The answer lies in the questions about his athleticism. See, Winfield Jr. is clearly a playmaker and has the wherewithal for the football, but it is anything but certain that he has legitimate NFL range and athleticism. There were times on tape where Winfield Jr. seemed a step slow behind everyone. Too often his speed just was not enough to make the splash play. Those athleticism questions are going to be answered this week. But even more so, he has to answer for multiple injuries he has suffered in college, too. The testing and medicals will be indicative of if Winfield is in the second-round wheelhouse or more of an early day three guy.


The Steelers are fighting a little bit of a battle with the running back position here. Do they really need one or do they not? If they choose to be on the side of drafting one, they have a ton of running backs that fit their standard. Florida State running back Cam Akers is just one of those guys that fits what they would look for in a running back. After a down Sophomore season, Akers came back for a rebound Junior campaign that saw his draft stock bounce right back up into the day two discussion.

Akers will likely test well, but in such a tight-knit class with Clyde Edwards-Helaire, D’Andre Swift, JK Dobbins, and Jonathan Taylor in it, Akers will need to steal the show to be the talk of the week and swing his stock up. So, for him, it is more of an issue of how impressive can his numbers really be. Any 40-yard dash that hits the 4.4s is a big win for him. In interviews, he will also need to answer the questions about why his production dipped suddenly last year. Those two aspects are going to determine if Akers rises to join the upper echelon of the class or if he is just a big fish in a small pond in the second tier.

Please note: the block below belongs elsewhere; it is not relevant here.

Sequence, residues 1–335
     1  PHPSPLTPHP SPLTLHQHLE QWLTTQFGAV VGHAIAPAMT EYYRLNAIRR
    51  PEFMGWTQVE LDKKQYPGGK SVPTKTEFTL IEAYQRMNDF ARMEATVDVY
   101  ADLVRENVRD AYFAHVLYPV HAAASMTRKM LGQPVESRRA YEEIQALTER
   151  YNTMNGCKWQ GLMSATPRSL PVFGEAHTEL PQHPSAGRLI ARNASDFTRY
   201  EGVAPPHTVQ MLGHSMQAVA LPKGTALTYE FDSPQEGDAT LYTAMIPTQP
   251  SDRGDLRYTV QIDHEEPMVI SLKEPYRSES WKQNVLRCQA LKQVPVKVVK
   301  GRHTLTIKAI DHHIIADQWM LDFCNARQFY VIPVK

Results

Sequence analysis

Another guy for Steelers fans to watch closely in case Bud Dupree walks in Curtis Weaver. If Dupree walks, Weaver will be smack dab in the middle of mock drafts and buzz in Pittsburgh as a potential replacement. However, he has significant questions athletically and with his flexibility. All of this week for Weaver is going to determine if he is actually going to be there when the Steelers pick. With a good week, he probably is a fringe first-rounder, but with a bad week, he is a mid-second round pick.

The new figure-eight drill that was added to test flexibility for pass rushers will be key for him. He looked stiff in his ankles and hips and lacked bend. If he can show off some bend and fluidity, it would be incredibly encouraging. And as for his athleticism, he at times was just unimpressive. His explosiveness was okay, but nothing great, and his movement skills in space were nothing to write home about. Weaver needs to show he can be an explosive and fluid athlete in order to be crowned as one of the winners of the combine.